TRENTON, N.J. — The state treasurer said Thursday that Gov. Chris Christie's proposal to use New Jersey Lottery ticket proceeds to bolster the government worker pension fund could be finalized by the June 30 end of the fiscal year.
Christie floated the somewhat opaque proposal to transfer assets from the lottery to the pension fund in his February budget address. His administration hasn't released any additional details since, including what would happen to the programs currently funded by the lottery.
"When can we expect a detailed proposal on this lottery concept? Sen. Paul Sarlo (D-Bergen), chairman of the Senate Budget Committee, asked the treasurer as a budget hearing Thursday. "Don't tell us June 30. We're all intrigued by it. Why wait?"
Treasurer Ford Scudder assured Sarlo more information would be made available in the near future.
Roughly, Christie wants to pledge the lottery as an asset to the pension fund, dramatically reducing its unfunded liabilities, which currently sit at about $49 billion for the state, or $66 billion if local government debts are included as well.
Christie has said the shift would immediately reduce the unfunded liabilities by $13 billion. The treasurer's office has issued a request for proposals for a valuation of the lottery system, which generates about $1 billion a year.
New Jersey accrued these high unfunded liabilities over years of contributing less than recommended by actuaries into the pension fund, in which some 800,000 current and retired state and local government employees are enrolled.
Christie has been increasing payments into the system by one-tenths of what's recommended by actuaries each year, but it's not yet enough to turn the tide.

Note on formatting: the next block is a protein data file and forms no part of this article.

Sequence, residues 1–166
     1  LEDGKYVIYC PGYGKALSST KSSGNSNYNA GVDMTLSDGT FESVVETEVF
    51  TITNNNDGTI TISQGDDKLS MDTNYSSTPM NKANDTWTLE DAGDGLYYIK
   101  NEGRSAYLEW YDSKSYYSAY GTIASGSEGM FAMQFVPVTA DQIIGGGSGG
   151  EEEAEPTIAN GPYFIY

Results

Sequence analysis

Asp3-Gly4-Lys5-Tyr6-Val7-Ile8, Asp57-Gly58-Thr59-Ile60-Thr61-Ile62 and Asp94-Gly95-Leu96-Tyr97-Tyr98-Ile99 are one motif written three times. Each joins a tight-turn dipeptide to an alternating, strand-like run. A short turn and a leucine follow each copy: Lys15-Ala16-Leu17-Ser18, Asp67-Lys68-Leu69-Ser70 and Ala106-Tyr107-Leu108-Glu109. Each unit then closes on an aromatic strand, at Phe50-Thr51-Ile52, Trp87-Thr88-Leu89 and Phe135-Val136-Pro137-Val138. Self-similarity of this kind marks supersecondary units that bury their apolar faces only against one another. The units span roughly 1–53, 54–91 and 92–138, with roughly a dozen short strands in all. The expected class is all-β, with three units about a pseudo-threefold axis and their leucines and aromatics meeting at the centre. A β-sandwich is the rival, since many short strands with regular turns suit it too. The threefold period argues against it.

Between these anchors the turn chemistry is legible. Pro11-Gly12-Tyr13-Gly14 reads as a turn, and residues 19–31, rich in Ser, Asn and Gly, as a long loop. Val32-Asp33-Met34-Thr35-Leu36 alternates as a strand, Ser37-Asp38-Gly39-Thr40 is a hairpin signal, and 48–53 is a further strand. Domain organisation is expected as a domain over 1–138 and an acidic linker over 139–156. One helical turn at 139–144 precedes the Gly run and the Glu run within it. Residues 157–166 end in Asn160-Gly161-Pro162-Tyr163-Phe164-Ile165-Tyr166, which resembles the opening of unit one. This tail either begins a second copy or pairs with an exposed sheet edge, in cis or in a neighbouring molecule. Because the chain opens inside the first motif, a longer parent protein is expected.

Without the rush of cash, the system won't become even 80 percent funded for another three decades, Scudder said, adding that the lottery proposal could improve that timeline by as much as 10 or 20 years.
"That provides a lot of additional security to the pension system," he said.
This will not require a change in the state Constitution, which requires that lottery proceeds be spent on state institutions and state aid for education, Scudder said.
The state pays a number of costs on behalf of local school districts that can be categorized as aid, including the employer share of the Teachers' Pension and Annuity Fund.
As it stands, the $965 million the lottery is expected to receive from ticket sales helps fund higher education programs, psychiatric hospitals, centers for people with developmental disabilities and homes for disabled soldiers.
Christie's proposal has triggered concerns about what will happen to these programs if the lottery money is rerouted to the pension fund.
Scudder said Thursday that once the lottery reduces the unfunded liabilities of the pension fund, the state won't have to kick in as much money each year. The money freed up in the general fund should be able to help cover those programs.
The instability of the public pension fund remains one of New Jersey's weak spots, with Wall Street rating agencies downgrading its credit rating 11 times under Christie. The most recent rating change by Moody's Investors Service cited the state's "rapid pension liability growth, exacerbated by underfunding to maintain budget balance."
Moody's said it would take much more than the governor's one-tenths plan to improve the state's outlook.